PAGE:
The character of Rocky developed from gritty 1970s exploitation underdog fighter to 1980s muscle-bound superman fighter between Rocky II and Rocky III. This coincided with the rise of the action heroes like Arnold Schwarzenegger, Jean-Claude Van Damme and Steven Seagal. Sylvester Stallone himself looked almost unrecognisable from the second film to the third, as age and a lot of ˜training’ clearly changed his entire body shape. Yet Rocky III still attempts to turn the reigning champion back into the underdog. Sadly they never manage to achieve this effect in the same way they did with Rocky II.
Reigning World Boxing Champion Rocky Balboa (Stallone) has been undefeated for 6 consecutive fights including an exhibition against a professional wrestler called Thunderlips (Hulk Hogan). Upon receiving a statue in his honour he is challenged by a hungry young fighter called Clubber Lang (Mr. T) who calls Rocky a coward for ducking his claims to a title shot. Agreeing to fight Clubber any time and any place, he is told by his long-time manager Mickey (Burgess Meredith) that he cannot beat Lang because he’s become lazy and soft. Rocky must overcome this dangerous new challenger to establish himself as one of the greatest fighters of all time.
The personal lose is greater in Rocky III than in past instalments, but it strangely has less emotional impact. Perhaps because his story had been completed in the first two films, leaving little left to be achieved. The sad events in the first third feel rather like desperation and heavy-handed manipulation (a feat repeated in Rocky IV). The challenger too lacks the intrigue of Apollo Creed and while Mr. T gives it his best shot If you’re gonna jump, jump! Come on Creed! he is never wholly convincing as the indestructible opposition.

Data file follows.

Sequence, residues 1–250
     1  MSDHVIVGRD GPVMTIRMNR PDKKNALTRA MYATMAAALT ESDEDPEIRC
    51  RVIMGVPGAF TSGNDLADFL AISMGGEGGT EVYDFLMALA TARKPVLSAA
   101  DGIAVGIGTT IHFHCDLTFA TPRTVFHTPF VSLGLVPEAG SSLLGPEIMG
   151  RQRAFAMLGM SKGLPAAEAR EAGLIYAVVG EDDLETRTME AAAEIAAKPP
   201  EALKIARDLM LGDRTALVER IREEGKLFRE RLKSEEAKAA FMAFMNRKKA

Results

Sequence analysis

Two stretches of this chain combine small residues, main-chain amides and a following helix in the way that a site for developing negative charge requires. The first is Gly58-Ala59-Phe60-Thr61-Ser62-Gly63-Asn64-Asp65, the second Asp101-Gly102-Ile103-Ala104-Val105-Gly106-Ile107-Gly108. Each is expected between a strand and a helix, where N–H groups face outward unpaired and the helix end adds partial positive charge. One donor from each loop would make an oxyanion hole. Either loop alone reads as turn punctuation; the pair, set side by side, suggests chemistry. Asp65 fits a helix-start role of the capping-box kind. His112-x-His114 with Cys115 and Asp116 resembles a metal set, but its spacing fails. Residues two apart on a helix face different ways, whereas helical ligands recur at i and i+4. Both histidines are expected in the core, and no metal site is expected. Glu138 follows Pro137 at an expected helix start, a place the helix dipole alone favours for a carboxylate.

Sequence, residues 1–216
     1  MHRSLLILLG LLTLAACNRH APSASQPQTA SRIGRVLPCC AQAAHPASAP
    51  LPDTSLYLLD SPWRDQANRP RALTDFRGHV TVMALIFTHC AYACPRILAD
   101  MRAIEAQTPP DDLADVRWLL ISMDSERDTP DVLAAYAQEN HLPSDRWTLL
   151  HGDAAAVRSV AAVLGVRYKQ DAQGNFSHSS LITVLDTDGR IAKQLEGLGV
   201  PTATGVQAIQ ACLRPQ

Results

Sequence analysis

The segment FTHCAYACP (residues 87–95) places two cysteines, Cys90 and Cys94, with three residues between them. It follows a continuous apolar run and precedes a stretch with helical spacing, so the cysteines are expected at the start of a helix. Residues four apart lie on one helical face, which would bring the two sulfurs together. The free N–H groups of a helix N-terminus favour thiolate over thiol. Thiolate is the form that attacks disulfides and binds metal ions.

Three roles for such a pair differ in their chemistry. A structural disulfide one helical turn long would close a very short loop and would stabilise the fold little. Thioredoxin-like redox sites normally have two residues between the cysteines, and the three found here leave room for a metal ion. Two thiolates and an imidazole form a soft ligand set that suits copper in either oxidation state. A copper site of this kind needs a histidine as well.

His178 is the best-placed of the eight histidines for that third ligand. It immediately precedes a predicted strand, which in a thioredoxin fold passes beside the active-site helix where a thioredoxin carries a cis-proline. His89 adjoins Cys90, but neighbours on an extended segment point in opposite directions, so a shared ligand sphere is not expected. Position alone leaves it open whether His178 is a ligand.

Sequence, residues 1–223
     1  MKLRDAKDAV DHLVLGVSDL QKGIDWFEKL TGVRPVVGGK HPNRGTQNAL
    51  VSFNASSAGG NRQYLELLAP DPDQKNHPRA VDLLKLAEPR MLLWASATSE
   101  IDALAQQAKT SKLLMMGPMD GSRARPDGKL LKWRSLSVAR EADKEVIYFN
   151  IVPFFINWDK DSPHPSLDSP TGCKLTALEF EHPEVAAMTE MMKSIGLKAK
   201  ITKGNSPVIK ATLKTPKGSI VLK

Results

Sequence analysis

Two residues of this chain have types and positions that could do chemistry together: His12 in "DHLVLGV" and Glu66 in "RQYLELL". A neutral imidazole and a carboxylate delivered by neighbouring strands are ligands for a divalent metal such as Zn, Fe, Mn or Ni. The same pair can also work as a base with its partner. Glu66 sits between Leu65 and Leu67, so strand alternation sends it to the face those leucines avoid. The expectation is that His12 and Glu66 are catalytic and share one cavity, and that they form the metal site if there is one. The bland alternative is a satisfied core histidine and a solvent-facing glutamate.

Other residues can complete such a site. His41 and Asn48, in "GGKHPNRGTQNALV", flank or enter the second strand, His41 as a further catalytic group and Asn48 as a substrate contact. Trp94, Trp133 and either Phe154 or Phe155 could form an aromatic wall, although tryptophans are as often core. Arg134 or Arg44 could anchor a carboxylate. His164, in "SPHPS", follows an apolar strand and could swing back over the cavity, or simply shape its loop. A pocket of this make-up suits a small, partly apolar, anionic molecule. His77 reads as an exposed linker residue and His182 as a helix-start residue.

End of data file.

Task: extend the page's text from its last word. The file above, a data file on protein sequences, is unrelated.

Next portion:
Despite these flaws along with the continued reduction in Adrian’s role, Rocky III still has some great individual moments, including the fight scenes. They continue to lack technical grace or authenticity, but they are cinematically engaging and prove the highlights of the film. The growing relationship between Rocky and Creed also allows for some wonderful moments of chemistry, most notably the final scenes ding, ding! While the music continues to deliver with Rocky III surprisingly being the first film to include the now iconic Rocky tune ˜Eye of the Tiger.’
Sadly there is not nearly enough meat left on Rocky’s ever-decreasing carcass of emotional drama. Rocky III really begins the decline of the series into clichÃ©d nonsense, but there is still just enough here to make it worth seeing.